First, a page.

We've reached the island approximately after 20 minutes. You can see the decorative vinta sails from afar intentionally put there to add color to the island. We were actually the very first ones to board a boat but it so happens that the boat we chose was the slowest. Later we learned that the boat was running only on one engine unlike the other boats who went ahead of us because they were able to run faster.


The boy was getting ready to climb out and get on shore

 
Our DOT Regional Director poses with all smiles for the camera


The shoreline was lengthy and very convenient for a long walk along the beach. The sands were cool to the feet. You will feel it if you take off your slippers or shoes.

The big island is inhabited by a few people called Badjaos, known as sea nomads or gypsies of Sulu Sea, but there's still no electricity so it is disappointing we could not do an overnight stay as there are no accommodations available. However, it would have been fun to camp out and light a small fire, or better yet, a bonfire if only they will permit. But too bad because as of this writing it is still not allowed to even stay there for the night.


Just some of the media team who were invited to visit Zamboanga


There were some women sellers in the island with all sorts of souvenir item for sale. They have these colorful umbrellas per stall. I am not really sure if they are there everyday or only when there are activities scheduled for the island.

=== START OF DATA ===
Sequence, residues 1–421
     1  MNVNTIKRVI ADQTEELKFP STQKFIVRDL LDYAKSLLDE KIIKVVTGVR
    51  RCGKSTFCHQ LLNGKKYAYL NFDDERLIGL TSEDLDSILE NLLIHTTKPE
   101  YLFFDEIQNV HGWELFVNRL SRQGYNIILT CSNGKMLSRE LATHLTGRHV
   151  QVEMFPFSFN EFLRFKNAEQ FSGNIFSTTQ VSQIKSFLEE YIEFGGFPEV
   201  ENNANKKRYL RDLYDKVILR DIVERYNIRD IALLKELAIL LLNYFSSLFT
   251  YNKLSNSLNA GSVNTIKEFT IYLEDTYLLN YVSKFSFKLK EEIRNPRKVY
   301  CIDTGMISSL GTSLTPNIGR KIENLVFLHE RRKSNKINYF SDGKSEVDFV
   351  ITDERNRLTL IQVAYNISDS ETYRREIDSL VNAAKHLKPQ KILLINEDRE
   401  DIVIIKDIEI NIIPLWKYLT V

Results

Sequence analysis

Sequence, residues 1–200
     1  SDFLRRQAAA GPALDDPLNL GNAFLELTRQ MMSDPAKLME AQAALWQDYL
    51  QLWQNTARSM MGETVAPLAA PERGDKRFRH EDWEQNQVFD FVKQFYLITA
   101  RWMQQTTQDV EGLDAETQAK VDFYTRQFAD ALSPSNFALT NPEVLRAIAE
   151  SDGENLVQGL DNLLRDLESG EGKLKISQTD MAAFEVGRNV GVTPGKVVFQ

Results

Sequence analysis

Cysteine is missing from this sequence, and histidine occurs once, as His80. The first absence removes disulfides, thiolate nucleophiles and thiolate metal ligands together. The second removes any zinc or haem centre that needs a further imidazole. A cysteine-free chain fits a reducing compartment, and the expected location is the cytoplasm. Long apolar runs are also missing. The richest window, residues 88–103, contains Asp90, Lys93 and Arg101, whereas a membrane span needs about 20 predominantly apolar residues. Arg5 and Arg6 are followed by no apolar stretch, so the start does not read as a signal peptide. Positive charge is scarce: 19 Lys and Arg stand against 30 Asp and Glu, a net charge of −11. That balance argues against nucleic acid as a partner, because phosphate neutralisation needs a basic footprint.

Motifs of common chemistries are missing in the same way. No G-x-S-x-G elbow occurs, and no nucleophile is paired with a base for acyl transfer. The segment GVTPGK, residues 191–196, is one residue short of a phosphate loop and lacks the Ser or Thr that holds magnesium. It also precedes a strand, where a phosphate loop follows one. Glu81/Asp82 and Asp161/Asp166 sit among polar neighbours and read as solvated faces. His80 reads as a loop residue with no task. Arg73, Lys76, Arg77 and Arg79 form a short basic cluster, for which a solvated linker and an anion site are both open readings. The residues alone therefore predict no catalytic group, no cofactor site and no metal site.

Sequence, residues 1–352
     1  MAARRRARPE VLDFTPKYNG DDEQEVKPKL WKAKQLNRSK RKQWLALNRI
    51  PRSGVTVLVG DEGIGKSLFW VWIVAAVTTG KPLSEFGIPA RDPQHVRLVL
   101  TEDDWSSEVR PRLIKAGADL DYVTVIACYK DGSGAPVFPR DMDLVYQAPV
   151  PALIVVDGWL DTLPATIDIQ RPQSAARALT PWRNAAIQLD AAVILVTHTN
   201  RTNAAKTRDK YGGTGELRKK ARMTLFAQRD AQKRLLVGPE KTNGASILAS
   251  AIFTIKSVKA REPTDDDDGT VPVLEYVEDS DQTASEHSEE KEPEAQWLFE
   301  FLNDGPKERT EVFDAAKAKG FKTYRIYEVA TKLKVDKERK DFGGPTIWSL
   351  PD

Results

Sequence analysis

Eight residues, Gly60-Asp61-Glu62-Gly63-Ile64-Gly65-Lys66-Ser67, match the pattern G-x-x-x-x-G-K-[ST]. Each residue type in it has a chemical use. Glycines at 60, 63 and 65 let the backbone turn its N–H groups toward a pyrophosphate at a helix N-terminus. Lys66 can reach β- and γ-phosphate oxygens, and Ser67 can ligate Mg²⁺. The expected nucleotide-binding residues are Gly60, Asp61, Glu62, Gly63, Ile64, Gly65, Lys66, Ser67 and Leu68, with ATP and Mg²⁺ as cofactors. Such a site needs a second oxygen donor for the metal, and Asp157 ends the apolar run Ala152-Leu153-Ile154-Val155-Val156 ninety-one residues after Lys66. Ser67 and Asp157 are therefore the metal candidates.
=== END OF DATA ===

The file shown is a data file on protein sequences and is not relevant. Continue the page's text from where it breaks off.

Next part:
We were actually there as a part of the festivities of Dia De Zamboanga and both local and foreign guests from all over have come to joined the 9th Philippine Bird Festival celebrations.

We were treated to a tour of the city, and part of the tour was a trip to the Santa Cruz island.


Buying a few souvenirs to bring back home


Bargain conscious? Be prepared to haggle for the price. But if I were you, be generous since the sellers here do not often get a sale since visits to the island are very rare.


 Black pearl in matte color anyone? There are earrings, necklaces, and other accessories available.


 Adorable shells with various designs can be cute souvenirs.


Bracelets are also good as gifts to lady friends. Grab a few to bring smiles to the faces of your loved ones who couldn't be there with you.


Hungry, we had some of these tamal or tamales as snacks before setting forth to a tour at the heritage burial ground nearby. The tamal is like suman with sotanghon filling.

There were also other snacks available but this was the only one that caught my attention as something I've seen for the very first time.


Meet our island tour guide who will take us to the burial grounds of their ancestors. Considered a heritage zone you are not allowed to tour the site without a knowledgeable guide. The inhabitants on the island are mostly from the Sama Bangingi tribe with some Yakans, Tausugs, and Sama Badjaos.